Identity Maintenance & Foreign Policy Decision-Making: The Quest for Ontological Security in the DPRK

  • Derek Bolton

Student thesis: Doctoral ThesisPhD


This thesis analyzes how the need for ontological security (OS), the ‘security of being’,impacts the foreign policy decision-making of states. Traditional security studies focus primarily on physical threats to the state. By contrast, an OS framework argues individuals feel secure when they are able to maintain communal narrative. This narrative in turn becomes the lens through which policymakers, and thus states, analyze events, while also becoming a potential source of conflict if challenged. Therefore, while physical security is still important, one is better positioned to account for perceptions of physical (and non physical) threats, and subsequent policies seemingly contradictory to traditional security studies, by employing an OS framework. While this will be explored within the context of the DPRK, the applicability of such a framework is far greater, holding key insights for International Relations and Foreign Policy Analysis (FPA). DPRK narrative formed out of the postcolonial nationalism of Japanese occupation, culminating into the hyper-nationalist ideology of Juche. North Korea’s seemingly ‘abnormal’ behavior might in turn be indicative of its unique national narrative and history of colonization and humiliation, leading to a different set of behavioral expectations than states whose narratives do not encompass such stories or reference points. While not all states are expected to act in the same manner as North Korea, the framework would expect them to defend and promote their respective national narratives. Moreover, while narratives can double as sources of legitimacy, as seen increasingly in the DPRK, this in no way detracts from, and merely compounds, the emphasis on narrative maintenance. Examining the historical record, it is argued the OS framework is consistently better at accounting for DPRK policies than traditional security studies. Therefore, more broadly in FPA, by taking seriously group narrative as a key component of OS, one can better account for perceptions and foreign policy decision-making.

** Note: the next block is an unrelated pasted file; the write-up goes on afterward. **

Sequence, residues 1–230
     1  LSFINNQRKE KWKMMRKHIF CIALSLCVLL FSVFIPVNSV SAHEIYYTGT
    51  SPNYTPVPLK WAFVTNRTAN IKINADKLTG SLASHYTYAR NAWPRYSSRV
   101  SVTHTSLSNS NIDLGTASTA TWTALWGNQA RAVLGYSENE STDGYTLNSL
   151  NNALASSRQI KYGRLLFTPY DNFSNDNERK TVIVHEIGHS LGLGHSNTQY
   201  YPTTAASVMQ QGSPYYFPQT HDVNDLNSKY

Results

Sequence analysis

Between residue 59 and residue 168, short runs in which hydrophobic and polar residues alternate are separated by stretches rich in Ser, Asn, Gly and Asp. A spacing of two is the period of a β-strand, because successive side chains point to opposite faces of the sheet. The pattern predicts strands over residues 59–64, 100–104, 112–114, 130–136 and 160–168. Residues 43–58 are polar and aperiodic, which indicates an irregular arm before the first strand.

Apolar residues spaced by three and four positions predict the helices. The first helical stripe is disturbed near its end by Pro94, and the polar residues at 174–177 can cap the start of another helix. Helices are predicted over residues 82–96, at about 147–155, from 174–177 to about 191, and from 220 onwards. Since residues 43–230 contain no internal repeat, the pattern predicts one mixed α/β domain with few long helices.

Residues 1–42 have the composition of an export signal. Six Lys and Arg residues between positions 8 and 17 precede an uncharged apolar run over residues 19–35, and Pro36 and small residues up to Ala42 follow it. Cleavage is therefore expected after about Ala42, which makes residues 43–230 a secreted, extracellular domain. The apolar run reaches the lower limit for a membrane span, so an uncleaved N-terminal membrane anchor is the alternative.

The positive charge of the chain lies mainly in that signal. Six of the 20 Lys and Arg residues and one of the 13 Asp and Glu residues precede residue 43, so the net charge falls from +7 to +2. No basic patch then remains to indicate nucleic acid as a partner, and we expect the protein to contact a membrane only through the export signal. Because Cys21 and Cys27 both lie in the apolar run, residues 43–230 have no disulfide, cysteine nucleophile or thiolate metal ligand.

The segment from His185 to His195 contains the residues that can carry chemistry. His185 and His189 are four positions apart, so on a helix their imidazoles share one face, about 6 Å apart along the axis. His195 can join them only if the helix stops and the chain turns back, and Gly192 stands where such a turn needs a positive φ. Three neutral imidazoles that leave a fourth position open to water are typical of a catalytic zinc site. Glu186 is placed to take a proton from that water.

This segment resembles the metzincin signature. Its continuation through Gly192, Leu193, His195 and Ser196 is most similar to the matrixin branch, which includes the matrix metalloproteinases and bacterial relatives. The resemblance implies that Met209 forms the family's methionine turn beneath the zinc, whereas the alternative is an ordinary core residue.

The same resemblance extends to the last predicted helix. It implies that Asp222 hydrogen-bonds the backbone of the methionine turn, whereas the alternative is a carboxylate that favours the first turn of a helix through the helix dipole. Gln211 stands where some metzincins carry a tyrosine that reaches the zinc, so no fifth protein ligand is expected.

Date of Award1 Jun 2018
Original languageEnglish
Awarding Institution
  • University of Bath
SupervisorScott Thomas (Supervisor)


  • Identity
  • security studies
  • ontological security
  • international relations theory
  • Foreign Policy Analysis
  • North Korea

Cite this